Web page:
We all have egos, right? There’s no use in pretending that we don’t. Personal and professional relationships can be thought of as a constant battle between our egos and our desire for successful interactions. In other words, not being a dick is learned behavior. I thought of this at the end of Bone Dry, a neo-noir flick released in 2007. That’s because right after the final shot of the film, the credits begin, and they read, “A Brett A. Hart Vision.” Oh, please. Continue reading “Shitty Movie Sundays: Bone Dry”
Joe Don Baker is Buford Pusser, real-life Sheriff of McNairy County, Tennessee, in this violent drive-in classic from 1973. Directed by Phil Karlson, Walking Tall is the fictionalized account of one man’s war on crime in rural America.
After giving up his career as a wrestler and returning home with his wife, Pauline (Elizabeth Hartman), and kids to McNairy, Pusser finds that his home county has been invaded by organized crime. Gambling dens and houses of ill-repute have opened in the once-lazy locale, and Pusser doesn’t hold with any of that. After getting angry and trying to beat up an entire casino, Pusser is cut to ribbons and left for dead on the side of the road. But, the bad folks of McNairy underestimated Pusser’s resolve. Being almost murdered just made Pusser angrier, and he continues going after the criminal element. Continue reading “Empty Balcony: Walking Tall (1973)”
What a piece of trash. I’ve written before that it’s folly to impose present morality on the past, and that includes living memory. But in this day and age, should someone try and make a film like Caged Heat, they might end up having to register as a sex offender. At the very least, Twitter would be apoplectic…for perhaps a week, before moving on to the next outrage. Continue reading “Shitty Movie Sundays: Caged Heat”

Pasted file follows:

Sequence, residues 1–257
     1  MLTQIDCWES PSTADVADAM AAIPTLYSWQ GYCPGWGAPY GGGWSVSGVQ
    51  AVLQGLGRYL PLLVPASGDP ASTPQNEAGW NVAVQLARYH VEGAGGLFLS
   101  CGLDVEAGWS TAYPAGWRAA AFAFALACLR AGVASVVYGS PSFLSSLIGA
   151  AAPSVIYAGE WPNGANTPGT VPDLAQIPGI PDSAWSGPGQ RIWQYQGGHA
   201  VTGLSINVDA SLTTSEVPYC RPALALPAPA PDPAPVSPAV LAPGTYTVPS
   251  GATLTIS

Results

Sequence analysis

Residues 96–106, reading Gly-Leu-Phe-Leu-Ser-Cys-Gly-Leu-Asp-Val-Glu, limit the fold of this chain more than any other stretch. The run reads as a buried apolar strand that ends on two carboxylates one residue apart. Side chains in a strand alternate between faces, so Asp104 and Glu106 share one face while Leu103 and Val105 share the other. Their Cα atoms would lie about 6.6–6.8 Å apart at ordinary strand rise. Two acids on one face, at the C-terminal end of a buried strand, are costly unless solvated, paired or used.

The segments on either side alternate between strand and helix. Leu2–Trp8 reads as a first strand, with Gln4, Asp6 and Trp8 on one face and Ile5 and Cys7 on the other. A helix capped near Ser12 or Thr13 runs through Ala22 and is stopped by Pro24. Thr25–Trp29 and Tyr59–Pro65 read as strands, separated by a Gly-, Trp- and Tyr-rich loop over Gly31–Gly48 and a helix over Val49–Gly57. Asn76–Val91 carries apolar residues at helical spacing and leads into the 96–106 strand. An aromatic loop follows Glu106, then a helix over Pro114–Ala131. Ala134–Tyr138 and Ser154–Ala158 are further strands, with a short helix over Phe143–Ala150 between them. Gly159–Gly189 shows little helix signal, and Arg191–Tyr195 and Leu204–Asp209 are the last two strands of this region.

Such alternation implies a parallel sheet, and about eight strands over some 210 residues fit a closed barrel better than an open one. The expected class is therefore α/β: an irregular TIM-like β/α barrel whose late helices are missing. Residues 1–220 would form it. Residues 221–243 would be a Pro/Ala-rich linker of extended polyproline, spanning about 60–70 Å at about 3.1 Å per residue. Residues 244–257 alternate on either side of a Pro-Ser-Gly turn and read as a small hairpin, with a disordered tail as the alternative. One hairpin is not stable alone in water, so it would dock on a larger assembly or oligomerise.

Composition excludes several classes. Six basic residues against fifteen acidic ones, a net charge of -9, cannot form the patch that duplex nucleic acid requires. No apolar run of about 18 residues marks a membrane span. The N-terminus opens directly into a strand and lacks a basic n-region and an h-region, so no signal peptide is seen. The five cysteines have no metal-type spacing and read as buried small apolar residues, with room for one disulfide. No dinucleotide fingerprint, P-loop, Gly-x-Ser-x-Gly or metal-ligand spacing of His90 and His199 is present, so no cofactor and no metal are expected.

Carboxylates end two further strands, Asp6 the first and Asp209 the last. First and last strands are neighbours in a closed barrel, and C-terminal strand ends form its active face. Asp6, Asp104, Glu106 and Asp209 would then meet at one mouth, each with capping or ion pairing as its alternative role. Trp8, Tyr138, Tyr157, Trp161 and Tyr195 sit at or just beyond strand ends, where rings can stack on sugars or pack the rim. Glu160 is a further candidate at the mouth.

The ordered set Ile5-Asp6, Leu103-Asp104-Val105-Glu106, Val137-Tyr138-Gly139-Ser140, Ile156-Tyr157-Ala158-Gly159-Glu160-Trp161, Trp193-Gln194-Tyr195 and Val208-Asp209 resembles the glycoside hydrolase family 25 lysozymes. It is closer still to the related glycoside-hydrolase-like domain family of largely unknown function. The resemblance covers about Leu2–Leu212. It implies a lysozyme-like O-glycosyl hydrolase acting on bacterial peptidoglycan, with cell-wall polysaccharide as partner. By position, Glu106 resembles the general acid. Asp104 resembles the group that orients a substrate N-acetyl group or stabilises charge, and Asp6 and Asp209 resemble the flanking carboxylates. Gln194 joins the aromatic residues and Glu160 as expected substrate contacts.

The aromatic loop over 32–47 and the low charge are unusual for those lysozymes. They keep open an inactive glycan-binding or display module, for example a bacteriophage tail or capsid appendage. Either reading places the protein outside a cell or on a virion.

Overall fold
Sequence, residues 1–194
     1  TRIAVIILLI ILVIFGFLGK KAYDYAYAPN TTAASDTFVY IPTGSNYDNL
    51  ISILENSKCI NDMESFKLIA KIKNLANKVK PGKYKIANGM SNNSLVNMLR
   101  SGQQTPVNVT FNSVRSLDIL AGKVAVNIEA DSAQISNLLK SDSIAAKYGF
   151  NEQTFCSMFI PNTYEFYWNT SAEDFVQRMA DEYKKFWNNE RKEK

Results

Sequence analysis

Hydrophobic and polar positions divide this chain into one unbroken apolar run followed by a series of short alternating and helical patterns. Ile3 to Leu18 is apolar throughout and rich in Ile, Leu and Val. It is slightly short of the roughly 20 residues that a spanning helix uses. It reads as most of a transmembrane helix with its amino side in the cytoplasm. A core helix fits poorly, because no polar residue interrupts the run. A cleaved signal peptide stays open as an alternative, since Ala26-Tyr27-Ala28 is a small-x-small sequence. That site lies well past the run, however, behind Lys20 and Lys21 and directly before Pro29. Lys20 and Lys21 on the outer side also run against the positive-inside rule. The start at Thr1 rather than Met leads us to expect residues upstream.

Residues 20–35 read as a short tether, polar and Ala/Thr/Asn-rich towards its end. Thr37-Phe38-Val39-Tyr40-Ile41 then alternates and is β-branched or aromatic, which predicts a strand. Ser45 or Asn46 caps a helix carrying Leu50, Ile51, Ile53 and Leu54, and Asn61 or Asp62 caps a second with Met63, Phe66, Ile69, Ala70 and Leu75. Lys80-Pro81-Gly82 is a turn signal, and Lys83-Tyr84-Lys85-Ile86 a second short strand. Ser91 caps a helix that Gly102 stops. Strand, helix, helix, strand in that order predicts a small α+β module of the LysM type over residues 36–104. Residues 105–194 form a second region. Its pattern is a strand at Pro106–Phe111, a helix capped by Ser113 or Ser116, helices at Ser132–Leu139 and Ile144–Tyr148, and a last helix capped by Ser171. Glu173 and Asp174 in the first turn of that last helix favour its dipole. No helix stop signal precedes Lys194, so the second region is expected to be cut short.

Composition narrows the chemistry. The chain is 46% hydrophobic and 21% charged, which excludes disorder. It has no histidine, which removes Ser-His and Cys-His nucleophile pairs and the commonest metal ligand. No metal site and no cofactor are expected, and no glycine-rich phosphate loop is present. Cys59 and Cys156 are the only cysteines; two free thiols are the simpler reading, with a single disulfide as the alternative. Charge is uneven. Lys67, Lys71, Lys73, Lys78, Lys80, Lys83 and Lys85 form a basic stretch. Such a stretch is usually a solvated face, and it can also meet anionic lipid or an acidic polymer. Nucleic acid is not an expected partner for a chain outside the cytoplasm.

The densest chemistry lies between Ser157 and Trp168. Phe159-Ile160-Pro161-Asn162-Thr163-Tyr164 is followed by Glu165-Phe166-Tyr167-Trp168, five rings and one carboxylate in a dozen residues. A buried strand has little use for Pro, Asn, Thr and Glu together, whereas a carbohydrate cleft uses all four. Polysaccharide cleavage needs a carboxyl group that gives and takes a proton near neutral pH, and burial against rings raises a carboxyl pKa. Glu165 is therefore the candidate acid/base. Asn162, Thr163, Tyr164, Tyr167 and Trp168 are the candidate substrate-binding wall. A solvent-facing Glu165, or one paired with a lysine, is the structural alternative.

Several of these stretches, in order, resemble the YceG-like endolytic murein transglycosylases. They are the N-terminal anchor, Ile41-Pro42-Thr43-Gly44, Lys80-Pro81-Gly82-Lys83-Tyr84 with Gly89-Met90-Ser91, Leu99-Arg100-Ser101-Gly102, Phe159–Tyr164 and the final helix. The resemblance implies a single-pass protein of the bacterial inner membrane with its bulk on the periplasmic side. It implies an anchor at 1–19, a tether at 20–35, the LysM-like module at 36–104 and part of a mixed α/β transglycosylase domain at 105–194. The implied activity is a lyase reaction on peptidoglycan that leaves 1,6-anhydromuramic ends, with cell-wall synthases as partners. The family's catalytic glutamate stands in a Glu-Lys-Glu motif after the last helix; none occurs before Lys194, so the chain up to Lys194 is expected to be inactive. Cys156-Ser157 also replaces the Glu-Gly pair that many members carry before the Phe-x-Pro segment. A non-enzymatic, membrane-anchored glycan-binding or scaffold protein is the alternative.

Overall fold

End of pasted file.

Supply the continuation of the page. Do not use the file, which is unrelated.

Not all comic book adaptations feature superheroes and supervillains chasing down the one mysterious MacGuffin that can either save or destroy the universe. Sometimes, all a comic book hero wants to do is clean up the streets of the big city.
Part Robocop, part drive-in homage, and part splatterfest, Officer Downe is the cinematic adaptation of the comic of the same name from writer Joe Casey and artist Chris Burnham. Casey also penned the screenplay for Officer Downe, while directing duties were handled by Shawn Crahan. If that name is familiar to some of the Loyal Seven readers, that’s because Crahan’s day job is as a member of heavy metal group Slipknot. Other members of the band get in on the fun as extras and minor characters. Continue reading “Empty Balcony: Officer Downe”
What viewers have with Detour, the 1945 flick from screenwriter Martin Goldsmith (adapting his own novel) and director Edgar G. Ulmer, is drive-in schlock disguised as film noir.
Tom Neal plays Al Roberts, a nightclub piano player in New York City. He’s in a relationship with singer Sue Harvey (Claudia Drake). She gets bitten by the California bug and leaves New York to try and make it big in Los Angeles. Not long after, Al, penniless and unhappy with playing in clubs, decides to hitchhike across the country to join his love in sunny LA. Continue reading “Shitty Movie Sundays: Detour”